Newsweek has a smorgasbord of stuff related to real-life crime, starting with Walter Mosley's essay on why America has a long-running obsession with all things illegal, criminal and murderous: it's because everyone is guilty of something:
Guilt is the mainstay of who we are and how we are organized, and is, seemingly, our undeniable destiny, along with Death and Taxes.
Our relationship with guilt is as old as the DNA that defines our species. But the nature of culpability changes with technology and technique. These changes affect the way we see the world and the way we seek to understand our predicament. True-crime stories, murder mysteries, up-to-the-minute online news reports, and (as always) rumor and innuendo grab our attention faster than any call for justice, human rights, or ceasefires.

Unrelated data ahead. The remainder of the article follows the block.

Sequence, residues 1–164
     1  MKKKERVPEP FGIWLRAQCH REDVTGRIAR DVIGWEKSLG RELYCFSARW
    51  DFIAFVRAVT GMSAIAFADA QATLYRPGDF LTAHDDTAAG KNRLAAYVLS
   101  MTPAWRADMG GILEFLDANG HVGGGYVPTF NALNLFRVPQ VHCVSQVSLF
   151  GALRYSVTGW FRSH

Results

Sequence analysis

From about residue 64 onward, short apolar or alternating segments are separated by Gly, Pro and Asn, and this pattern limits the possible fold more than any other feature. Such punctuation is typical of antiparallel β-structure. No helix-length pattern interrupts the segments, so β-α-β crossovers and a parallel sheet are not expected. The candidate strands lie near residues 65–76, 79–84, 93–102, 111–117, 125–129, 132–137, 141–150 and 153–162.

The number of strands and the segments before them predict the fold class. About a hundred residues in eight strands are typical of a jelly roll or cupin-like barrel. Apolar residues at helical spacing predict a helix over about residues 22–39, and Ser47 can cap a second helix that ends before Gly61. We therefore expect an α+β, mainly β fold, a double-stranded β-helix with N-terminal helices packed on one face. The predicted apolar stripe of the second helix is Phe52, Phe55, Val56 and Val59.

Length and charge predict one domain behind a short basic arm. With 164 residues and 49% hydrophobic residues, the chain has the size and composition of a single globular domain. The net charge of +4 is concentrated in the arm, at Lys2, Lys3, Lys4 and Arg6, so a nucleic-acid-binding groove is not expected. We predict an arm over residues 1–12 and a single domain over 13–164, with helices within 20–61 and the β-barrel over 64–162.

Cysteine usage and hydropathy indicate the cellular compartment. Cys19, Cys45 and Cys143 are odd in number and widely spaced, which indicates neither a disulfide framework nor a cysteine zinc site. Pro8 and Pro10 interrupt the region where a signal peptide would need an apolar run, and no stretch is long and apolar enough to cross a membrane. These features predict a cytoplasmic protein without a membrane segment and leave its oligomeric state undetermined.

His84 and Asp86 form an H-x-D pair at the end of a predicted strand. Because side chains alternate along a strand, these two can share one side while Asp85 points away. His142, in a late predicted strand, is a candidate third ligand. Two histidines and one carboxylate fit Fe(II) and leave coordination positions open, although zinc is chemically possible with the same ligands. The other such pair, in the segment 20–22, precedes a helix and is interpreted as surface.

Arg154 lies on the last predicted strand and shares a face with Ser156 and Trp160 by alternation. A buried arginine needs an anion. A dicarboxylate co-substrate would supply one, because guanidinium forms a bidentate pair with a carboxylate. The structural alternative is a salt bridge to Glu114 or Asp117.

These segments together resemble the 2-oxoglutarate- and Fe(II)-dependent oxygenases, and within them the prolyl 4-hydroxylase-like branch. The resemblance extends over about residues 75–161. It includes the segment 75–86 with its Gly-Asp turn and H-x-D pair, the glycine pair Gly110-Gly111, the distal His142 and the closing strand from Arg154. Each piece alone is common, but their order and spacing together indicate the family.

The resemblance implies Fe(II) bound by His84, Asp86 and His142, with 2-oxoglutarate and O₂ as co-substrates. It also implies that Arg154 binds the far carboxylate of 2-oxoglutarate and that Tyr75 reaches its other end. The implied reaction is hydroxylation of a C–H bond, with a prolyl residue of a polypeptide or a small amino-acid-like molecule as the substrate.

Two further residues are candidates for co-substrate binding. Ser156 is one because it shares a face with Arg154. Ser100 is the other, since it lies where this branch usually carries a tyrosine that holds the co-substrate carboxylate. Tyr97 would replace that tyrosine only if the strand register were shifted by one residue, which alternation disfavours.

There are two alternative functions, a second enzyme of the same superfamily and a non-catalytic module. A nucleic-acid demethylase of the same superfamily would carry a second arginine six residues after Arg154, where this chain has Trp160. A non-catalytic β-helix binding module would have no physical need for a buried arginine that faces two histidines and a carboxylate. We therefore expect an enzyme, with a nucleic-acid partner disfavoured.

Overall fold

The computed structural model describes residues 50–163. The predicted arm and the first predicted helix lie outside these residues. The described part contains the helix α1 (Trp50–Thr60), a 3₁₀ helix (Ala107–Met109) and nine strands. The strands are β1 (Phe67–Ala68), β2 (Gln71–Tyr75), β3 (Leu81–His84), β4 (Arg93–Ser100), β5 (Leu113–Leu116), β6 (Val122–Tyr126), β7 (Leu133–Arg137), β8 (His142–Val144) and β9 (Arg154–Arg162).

This is because most of us see ourselves as powerless cogs in a greater machine; as potential victims of a society so large and insensitive that we, innocent bystanders in the crowd, might be caught at any time in the crossfire between the forces of so-called good and evil.
There's also Vincent Bugliosi looking at the Manson murders, 40 years later; James Ellroy on the life and death of LA teenager Lily Burk; an account of the Grim Sleeper, stalking LA's streets for the last twenty-odd years; and L&O creator Dick Wolf's favorite true crime stories.